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About Coder

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  1. Yup, it's dry - hottest and driest June since records began in some parts of Britain. "Scotland also enjoyed its highest ever temperature, with 33.2C recorded in Motherwell on June 28." https://weather.com/en-GB/unitedkingdom/weather/news/2018-07-03-uk-weather-record-breaking-june-hottest-driest-ever
  2. Maybe you, or a beginner that you know, has also misinterpreted these? (And maybe you don't agree with my revised interpretations!) Interlock grip - at first I thought that meant fingers really, er, interlocked, i.e. meshed together tightly, resulting in a very weak left hand and inflexible wrists. In reality it's more just "in between" than "inter locked"! Grip the club as if you were holding a baby bird - well I've never held a baby bird, but I took this to mean a very light and therefore loose grip. I now think it means a grip that is gentle but immovable - maybe like you'd hold a small child's hand while crossing the street. Restrict the hips - doesn't mean prevent your hips from moving - I think means feeling a connection through your core like you would if you were restricting your hips. Lead with the hips - doesn't mean that your hips lead in the sense of going out first, like a dog on a leash! Actually means more like the way a horse leads a carriage. They both start moving at the same time, but the horse provides the force. Make a full turn - doesn't mean turning around and away from the ball - really just means remembering to turn your shoulders rather than just using your arms. Weight shift - doesn't mean mass (body) shift! It means moving your weight in the physics sense of weight (force), e.g. putting more pressure through the leading foot through impact. Maintain lag - doesn't mean trying to actually hold (maintain) the lag using your wrists. It just means do other things, e.g. accelerating through impact, that cause lag to be maintained. Can anyone offer up other examples of misinterpreted tips and advice?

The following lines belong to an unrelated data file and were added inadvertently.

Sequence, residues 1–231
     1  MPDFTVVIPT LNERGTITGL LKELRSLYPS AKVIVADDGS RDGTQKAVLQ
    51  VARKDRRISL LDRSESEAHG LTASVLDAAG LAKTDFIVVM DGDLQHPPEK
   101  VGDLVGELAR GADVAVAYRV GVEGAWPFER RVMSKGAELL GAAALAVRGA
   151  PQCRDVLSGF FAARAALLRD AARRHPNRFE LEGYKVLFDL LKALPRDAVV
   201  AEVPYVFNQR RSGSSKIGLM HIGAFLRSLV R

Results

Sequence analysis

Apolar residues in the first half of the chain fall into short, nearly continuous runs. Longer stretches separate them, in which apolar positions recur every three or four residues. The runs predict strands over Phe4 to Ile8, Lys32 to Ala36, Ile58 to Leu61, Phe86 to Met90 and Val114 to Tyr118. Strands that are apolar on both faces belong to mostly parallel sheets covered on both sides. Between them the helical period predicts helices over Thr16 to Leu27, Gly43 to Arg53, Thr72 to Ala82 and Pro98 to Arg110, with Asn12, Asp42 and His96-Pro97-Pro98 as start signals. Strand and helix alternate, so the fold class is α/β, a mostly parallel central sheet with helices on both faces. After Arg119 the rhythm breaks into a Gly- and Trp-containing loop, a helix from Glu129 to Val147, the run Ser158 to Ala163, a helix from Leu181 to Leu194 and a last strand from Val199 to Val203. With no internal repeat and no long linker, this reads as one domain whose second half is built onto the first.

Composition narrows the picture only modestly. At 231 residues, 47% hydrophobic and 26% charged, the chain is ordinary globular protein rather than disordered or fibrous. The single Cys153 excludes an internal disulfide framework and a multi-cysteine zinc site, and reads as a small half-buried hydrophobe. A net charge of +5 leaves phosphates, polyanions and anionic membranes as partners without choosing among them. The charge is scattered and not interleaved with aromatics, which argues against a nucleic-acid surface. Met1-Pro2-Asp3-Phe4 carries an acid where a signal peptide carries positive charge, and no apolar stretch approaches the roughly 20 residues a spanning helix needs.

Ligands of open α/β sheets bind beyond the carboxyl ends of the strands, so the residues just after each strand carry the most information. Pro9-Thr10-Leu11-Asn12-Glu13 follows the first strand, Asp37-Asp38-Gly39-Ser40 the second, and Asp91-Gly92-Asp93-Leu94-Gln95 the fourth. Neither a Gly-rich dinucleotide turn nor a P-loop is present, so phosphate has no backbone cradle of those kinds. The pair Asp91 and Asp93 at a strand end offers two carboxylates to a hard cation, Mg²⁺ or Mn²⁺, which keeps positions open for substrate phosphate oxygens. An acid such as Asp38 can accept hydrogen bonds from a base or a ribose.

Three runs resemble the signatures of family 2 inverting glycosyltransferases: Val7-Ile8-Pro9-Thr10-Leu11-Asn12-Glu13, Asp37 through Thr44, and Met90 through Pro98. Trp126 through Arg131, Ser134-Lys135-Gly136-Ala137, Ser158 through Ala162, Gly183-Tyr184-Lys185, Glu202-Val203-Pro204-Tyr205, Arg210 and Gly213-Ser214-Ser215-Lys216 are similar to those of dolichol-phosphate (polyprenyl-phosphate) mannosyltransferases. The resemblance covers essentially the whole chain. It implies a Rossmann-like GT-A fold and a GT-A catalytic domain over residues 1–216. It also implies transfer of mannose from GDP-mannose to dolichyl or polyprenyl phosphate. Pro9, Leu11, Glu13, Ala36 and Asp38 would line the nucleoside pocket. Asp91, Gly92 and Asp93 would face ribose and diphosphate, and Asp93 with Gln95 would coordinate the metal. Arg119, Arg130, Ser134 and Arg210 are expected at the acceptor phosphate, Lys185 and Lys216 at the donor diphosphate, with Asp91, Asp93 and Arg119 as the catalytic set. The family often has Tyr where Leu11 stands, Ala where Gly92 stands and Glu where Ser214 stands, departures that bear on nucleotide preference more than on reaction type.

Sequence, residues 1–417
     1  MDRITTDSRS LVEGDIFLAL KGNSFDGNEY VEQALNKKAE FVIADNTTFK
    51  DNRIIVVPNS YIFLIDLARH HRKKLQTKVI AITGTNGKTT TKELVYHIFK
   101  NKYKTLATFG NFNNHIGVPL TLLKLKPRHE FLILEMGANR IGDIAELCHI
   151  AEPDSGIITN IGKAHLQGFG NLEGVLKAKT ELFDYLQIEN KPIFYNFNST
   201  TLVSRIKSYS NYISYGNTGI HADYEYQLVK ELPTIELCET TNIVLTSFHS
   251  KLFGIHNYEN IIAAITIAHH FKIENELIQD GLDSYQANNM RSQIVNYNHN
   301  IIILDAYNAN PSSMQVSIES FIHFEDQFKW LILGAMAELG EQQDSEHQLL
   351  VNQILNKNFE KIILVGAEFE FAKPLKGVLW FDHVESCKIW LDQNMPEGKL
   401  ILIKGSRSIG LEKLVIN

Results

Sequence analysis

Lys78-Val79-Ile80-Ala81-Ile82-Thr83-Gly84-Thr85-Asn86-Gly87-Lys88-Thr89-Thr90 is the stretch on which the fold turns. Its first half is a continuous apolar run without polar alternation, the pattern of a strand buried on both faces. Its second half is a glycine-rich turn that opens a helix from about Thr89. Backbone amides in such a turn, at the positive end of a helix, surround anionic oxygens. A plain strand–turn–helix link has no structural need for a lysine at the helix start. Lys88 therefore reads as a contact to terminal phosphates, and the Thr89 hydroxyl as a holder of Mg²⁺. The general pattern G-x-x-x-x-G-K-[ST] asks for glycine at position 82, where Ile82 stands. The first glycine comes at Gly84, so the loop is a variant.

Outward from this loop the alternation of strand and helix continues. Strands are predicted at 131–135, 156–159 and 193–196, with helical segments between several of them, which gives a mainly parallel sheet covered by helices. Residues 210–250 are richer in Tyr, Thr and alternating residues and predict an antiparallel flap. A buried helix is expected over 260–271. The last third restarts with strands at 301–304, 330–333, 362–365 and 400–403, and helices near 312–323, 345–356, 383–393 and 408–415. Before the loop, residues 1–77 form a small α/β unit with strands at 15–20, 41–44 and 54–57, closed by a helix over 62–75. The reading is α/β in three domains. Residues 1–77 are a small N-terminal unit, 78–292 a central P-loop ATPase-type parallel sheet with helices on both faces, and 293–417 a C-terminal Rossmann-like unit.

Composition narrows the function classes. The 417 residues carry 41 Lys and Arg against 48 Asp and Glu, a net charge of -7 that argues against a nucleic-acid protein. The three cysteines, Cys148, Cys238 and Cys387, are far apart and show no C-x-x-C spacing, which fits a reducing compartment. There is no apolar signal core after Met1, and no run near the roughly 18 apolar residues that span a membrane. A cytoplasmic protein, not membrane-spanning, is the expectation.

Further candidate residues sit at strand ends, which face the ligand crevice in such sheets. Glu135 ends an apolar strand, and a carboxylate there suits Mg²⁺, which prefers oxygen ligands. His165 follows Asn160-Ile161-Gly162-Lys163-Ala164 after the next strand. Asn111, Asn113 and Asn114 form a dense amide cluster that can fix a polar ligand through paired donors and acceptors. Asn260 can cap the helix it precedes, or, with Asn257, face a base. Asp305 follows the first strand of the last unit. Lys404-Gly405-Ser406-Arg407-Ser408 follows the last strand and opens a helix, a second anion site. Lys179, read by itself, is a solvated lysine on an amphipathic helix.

3. Old Peter Aliss on BBC commentary - "Reed is in league with the devil"
  4. I'm not qualified to give advice but here's just an idea - if your swing is naturally over the top then maybe this rolling the club in your hands move is what opens up the face to compensate. As soon as you stop doing that rolling, you're going to be pulling it until you also change your swing path a bit. Do you normally hit a bit of a fade/slice by any chance?
  5. I used to let the club move in my hands towards the top of the backswing - opening up the fingers of the top hand a bit, producing an "extra" hinge that made my overswing worse and probably made it harder to control the transition. So unless you need to compensate for some unusual lack of flexibility (wrist injury?) I would say your hands should not move at all relative to the grip.
  6. Thanks for the photo analysis @iacas - good to know that a rising shoulder isn't necessarily wrong. For me I think it tends to go along with early extension but maybe that's a discussion for a member swing thread someday...
  7. Hi all, long time visitor - first time poster... Would you agree that the lead arm and club shaft are in more of a straight line at impact than they are at address? If so, then the straightening-out of that line means that the lead shoulder must be a few inches further from the ball at impact than it was at address. How much of that distance comes from lifting the shoulder towards the sky, versus sliding it towards the target, versus rotating it open? I suspect I'm doing too much lifting and not enough rotating.
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